Since the deadly attack on a mosque in Egypt’s North Sinai that killed 305 worshipping Muslims, questions have been raised as to why the perpetrators would carry out such an act on civilians performing their weekly Friday prayers.
Considering that the number of inhabitants in the Bir al-Abd village where the al-Rowda mosque is located is only around 2000, the attack wiped out a considerable part of the community.
Several residents who spoke to Egypt Independent under condition of anonymity said that the mosque is affiliated with a local Sufi order.
Sufism, known as Taṣawwuf in the Arab world, refers to a mystical tradition, or the inward dimension, of Islam and is considered a type of infidelity by the so-called “Sinai Province,” a North Sinai-based Islamic State-affiliated group.
The group, which since 2014 has increasingly claimed responsibility for militant attacks against both the Egyptian army and police forces as well as civilians in the peninsula, in 2016 threatened to blow up the targeted al-Rawda mosque.
The threats appeared in the Islamic State’s weekly newspaper “Al-Nabaa” through an interview with the head of Sinai Province’s Islamic Police Authority, or “Al-Hesba.”
In the interview, published in January, the “Al-Hesba” leader noted that the “Sinai Province” is doing its best to end the presence of Sufism in the Sinai. Sufi practitioners are given the choice to disavow Sufism and repent, but if they refuse they are killed.
Also, on November 18, 2016, the “Sinai Province” published photos that depicted the beheading of two elderly men who allegedly were Sufi “priests” in an unknown desert area in North Sinai.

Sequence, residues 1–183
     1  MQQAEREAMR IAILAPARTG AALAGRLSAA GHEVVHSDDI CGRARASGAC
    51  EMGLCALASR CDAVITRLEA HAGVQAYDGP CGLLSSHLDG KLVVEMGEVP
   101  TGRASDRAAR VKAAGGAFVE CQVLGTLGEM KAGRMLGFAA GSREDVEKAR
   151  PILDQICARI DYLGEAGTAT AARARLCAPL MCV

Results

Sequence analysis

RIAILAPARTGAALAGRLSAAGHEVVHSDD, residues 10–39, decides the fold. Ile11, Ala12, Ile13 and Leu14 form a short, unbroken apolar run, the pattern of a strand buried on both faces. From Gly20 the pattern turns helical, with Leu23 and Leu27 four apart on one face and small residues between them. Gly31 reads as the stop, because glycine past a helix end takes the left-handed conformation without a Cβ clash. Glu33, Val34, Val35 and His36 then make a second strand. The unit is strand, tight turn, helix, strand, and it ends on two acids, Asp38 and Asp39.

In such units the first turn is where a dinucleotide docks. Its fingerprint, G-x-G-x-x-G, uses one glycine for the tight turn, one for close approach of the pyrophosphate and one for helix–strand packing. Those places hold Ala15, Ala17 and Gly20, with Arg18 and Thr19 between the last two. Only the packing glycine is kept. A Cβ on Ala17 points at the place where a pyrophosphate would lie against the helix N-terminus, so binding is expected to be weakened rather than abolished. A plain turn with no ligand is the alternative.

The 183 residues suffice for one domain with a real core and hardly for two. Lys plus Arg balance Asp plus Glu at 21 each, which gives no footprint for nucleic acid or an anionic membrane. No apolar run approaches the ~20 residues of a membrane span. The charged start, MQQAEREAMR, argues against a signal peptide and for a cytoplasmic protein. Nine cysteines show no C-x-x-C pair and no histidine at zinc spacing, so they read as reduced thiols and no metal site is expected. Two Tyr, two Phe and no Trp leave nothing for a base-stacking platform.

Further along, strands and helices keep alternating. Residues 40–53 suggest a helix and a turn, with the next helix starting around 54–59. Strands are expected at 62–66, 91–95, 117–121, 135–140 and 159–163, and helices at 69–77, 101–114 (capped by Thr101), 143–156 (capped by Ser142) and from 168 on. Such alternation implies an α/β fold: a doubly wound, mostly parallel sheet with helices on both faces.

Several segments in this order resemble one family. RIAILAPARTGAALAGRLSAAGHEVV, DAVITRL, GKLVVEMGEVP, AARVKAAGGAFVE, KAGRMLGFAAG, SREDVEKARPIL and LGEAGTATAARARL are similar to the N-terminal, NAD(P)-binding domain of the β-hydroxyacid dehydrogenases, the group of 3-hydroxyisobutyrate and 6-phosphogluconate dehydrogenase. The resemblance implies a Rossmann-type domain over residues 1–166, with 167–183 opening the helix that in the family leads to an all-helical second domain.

The photos show members of the “Sinai Province” standing in a circle while a verdict is being read out to a blindfolded elderly man who is kneeling. The second man who appears in the photos was another elderly man by the name of Sheikh Soliman Abu Harraz who is considered one of the most prominent Islamic and Sufi figures in North Sinai.
“Sinai Province” has also released a number of photos showing Sufis being subjected to repentance sessions organized by members of the terrorist group.
Since 2013, state security forces have been engaged in violent clashes with the “Sinai Province”, previously known as Ansar Beit Al-Maqdis. In 2014, the group declared its affiliation with IS and has launched deadly attacks on army and police checkpoints.
Over the course of the last two years, the Egyptian Armed Forces have launched counterattacks against militant stationing points across the Sinai Peninsula where the group is based, particularly in the cities of Sheikh Zuweid, Rafah, and Al-Arish.